Summer Beach Reads behind us now, the fall brings with it new books to read by the fire or tucked in bed before turning out the lights. Here are a few I have on my radar screen.
Changing My Mind: Occasional Essays by Zadie Smith (Peguin Group)
Kirkus Reviews says, “Rarely does a book that seems to promise so little deliver so much.” It’s divided into four sections: Reading, Being, Seeing, and Feeling and covers a range of topics.
The Price of Love and Other Stories by Peter Robinson (HarperCollins)
This is Robinson’s first collection of stories. He’s got a fan base for his best-selling Inspector Alan Banks novels, described as “perceptive novels that probe the dark side of human nature.” I haven’t read then. I’m thinking this might be a good entry into his fiction.
City Boy: My Life in New York During the 1960s and ’70s by Edmund White (Bloomsbury)
Publisher’s Weekly has given this autobiography a starred review. Bloomsbury’s website says, “A memoir of the sociel [sic] and sexual lives of New York City’s cultural and intellectual in-crowd in the tumultous 1970s, from acclaimed author Edmund White.”
Lit: A Memoir by Mary Karr (HarperCollins)
The HarperCollins website says Lit is about, “getting drunk and getting sober; becoming a mother by letting go of a mother; and learning to write by learning to live.” Library Journal claims it will be the memoir of the season.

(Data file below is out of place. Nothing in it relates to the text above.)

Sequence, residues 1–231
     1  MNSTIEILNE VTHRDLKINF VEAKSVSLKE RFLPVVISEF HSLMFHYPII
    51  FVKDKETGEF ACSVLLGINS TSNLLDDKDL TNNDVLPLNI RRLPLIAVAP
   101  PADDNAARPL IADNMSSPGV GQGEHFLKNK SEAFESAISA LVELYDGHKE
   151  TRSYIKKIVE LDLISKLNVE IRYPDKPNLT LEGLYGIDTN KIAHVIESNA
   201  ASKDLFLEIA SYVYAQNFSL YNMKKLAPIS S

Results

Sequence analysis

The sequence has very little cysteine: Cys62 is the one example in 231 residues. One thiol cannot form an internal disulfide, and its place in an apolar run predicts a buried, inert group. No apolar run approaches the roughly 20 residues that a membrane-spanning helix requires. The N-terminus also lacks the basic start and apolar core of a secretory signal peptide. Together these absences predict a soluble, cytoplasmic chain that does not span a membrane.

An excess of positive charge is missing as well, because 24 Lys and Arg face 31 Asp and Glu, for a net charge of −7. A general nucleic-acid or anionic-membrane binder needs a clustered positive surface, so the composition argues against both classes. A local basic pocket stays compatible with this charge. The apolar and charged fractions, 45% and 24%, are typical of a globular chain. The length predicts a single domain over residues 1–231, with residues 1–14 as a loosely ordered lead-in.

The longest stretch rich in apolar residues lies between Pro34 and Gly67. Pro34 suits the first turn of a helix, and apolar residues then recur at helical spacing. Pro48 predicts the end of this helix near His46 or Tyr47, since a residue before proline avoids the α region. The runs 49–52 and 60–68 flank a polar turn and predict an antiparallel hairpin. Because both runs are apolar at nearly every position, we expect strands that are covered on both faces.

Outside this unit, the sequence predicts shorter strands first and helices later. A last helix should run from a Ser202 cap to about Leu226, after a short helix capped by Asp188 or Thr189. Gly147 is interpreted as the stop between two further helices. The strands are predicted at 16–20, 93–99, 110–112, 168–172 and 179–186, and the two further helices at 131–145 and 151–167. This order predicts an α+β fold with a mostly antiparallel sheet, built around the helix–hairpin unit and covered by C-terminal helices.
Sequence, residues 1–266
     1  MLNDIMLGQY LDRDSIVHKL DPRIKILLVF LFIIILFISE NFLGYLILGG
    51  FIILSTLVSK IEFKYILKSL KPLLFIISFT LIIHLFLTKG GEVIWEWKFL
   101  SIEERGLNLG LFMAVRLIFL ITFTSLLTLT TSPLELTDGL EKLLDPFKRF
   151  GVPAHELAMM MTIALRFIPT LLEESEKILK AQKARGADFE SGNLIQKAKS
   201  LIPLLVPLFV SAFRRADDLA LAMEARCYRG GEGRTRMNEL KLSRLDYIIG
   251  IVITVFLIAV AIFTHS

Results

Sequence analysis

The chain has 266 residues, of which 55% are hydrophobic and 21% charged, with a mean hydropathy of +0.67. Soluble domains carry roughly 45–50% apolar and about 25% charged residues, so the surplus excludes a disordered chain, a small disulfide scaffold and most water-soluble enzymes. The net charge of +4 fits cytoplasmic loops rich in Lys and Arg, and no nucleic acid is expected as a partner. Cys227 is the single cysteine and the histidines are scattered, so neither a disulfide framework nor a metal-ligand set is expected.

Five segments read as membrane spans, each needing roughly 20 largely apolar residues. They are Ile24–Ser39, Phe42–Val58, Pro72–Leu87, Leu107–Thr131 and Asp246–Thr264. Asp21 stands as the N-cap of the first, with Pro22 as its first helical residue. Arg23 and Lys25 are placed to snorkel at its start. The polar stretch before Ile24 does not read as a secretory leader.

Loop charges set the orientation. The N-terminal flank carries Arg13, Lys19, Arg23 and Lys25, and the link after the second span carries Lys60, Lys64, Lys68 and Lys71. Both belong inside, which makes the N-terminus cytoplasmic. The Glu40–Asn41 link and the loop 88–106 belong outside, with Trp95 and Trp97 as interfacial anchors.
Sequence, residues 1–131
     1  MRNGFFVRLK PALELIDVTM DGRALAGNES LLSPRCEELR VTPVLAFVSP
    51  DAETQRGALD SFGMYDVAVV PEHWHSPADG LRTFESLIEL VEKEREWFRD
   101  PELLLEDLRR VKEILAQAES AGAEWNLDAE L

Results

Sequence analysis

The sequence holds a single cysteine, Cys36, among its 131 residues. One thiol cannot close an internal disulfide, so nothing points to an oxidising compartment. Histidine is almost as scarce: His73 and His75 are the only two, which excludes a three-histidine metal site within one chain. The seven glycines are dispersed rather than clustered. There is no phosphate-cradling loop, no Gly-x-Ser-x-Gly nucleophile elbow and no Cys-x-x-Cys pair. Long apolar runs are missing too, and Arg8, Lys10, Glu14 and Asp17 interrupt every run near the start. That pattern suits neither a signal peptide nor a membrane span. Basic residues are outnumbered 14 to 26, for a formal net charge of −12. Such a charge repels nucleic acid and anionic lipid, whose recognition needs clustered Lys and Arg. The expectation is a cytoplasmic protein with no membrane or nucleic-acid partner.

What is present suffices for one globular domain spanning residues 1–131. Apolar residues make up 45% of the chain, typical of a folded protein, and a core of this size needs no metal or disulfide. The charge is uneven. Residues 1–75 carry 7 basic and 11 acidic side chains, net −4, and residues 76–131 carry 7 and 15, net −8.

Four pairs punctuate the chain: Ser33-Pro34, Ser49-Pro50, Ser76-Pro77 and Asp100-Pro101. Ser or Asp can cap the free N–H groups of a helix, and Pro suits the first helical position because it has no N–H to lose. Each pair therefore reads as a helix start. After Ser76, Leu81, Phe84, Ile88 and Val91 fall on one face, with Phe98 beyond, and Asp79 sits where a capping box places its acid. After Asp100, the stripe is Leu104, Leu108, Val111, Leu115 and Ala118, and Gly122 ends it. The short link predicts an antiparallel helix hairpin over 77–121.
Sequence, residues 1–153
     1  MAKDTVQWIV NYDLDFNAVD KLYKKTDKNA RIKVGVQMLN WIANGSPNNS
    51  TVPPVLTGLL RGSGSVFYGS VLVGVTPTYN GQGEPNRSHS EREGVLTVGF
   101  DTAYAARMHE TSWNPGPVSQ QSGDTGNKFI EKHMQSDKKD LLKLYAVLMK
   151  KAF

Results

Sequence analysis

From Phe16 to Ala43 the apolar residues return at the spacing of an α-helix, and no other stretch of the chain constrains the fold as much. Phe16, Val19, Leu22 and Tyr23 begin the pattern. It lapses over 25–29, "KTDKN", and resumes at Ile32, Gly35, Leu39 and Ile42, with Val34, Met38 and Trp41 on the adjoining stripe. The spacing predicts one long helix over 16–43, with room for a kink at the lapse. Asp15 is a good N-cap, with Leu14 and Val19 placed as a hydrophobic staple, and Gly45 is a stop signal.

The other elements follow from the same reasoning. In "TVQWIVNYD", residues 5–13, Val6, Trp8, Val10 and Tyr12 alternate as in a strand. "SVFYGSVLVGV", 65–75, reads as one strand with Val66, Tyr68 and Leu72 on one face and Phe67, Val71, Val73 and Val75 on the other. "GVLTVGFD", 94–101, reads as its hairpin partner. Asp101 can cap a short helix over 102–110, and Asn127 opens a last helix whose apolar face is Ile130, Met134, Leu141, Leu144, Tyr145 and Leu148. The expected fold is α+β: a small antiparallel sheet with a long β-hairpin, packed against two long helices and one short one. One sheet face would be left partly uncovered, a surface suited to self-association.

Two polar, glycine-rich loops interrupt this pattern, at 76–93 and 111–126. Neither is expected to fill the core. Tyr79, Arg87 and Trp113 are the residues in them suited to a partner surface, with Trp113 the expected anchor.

The Humbling by Philip Roth (Houghton Mifflin)
The Chicago Tribune says this novel will find favor with Roth fans. From the synopsis, it appears to be in keeping with Roth’s current fictional focus on illness and death, featuring an aging actor.
Family Album by Penelope Lively (Viking)
The Guardian says Lively’s new book “should be rated as one of her most impressive works.” It also says Lively “plunges us into an entirely convincing world of bustling family life, yet at the same time keeps her distance with lethally sharp observations.”
The Lacuna by Barbara Kingsolver (HarperCollins)
Kingsolver’s first new novel in nine years gets a starred review from Publisher’s Weekly. The protagonist Harrison Shepherd embarks on a journey that begins in Mexico in the 1930s, connecting him to artists Diego Rivera and Frida Kahlo.
Too Much Happiness by Alice Munro (Alfred A. Knopf)
10 new stories from this Grande Dame of short storywriting.
Invisible by Paul Auster (Henry Holt & Co.)
From the Holt website: “Sinuously constructed in four interlocking parts, Paul Auster’s fifteenth novel opens in New York City in the spring of 1967, when twenty-year-old Adam Walker, an aspiring poet and student at Columbia University, meets the enigmatic Frenchman Rudolf Born and his silent and seductive girfriend, Margot. Before long, Walker finds himself caught in a perverse triangle that leads to a sudden, shocking act of violence that will alter the course of his life.”
Devil’s Dream: A Novel About Nathan Bedford Forrest by Madison Smartt Bell (Pantheon)
A fictionalized story about a Confederate Civil War General. Pantheon’s description: “Considered a rogue by the upper ranks of the Confederate Army, who did not properly use his talents, Forrest was often relegated to small-scale operations.”